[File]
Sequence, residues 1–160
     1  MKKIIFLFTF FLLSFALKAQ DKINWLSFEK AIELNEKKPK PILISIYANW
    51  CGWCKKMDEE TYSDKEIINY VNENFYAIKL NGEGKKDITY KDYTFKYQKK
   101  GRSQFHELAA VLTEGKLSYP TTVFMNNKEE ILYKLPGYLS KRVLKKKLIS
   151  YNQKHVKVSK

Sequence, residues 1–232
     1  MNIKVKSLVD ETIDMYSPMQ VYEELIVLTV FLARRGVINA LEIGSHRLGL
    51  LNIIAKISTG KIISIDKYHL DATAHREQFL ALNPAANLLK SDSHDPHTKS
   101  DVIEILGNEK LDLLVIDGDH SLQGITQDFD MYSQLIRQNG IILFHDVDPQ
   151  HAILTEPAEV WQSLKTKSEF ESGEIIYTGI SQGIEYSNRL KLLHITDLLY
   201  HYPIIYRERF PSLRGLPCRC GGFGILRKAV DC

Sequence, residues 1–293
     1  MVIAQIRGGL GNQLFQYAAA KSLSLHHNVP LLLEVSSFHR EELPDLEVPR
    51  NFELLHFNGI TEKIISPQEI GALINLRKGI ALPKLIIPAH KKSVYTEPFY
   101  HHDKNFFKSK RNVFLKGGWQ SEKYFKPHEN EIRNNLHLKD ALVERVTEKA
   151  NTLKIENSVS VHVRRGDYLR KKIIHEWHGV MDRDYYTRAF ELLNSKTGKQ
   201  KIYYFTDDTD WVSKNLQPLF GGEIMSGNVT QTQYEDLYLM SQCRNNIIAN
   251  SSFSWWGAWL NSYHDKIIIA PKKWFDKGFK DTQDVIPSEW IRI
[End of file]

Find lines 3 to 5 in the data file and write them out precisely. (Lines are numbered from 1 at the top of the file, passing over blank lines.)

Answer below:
    51  CGWCKKMDEE TYSDKEIINY VNENFYAIKL NGEGKKDITY KDYTFKYQKK
   101  GRSQFHELAA VLTEGKLSYP TTVFMNNKEE ILYKLPGYLS KRVLKKKLIS
   151  YNQKHVKVSK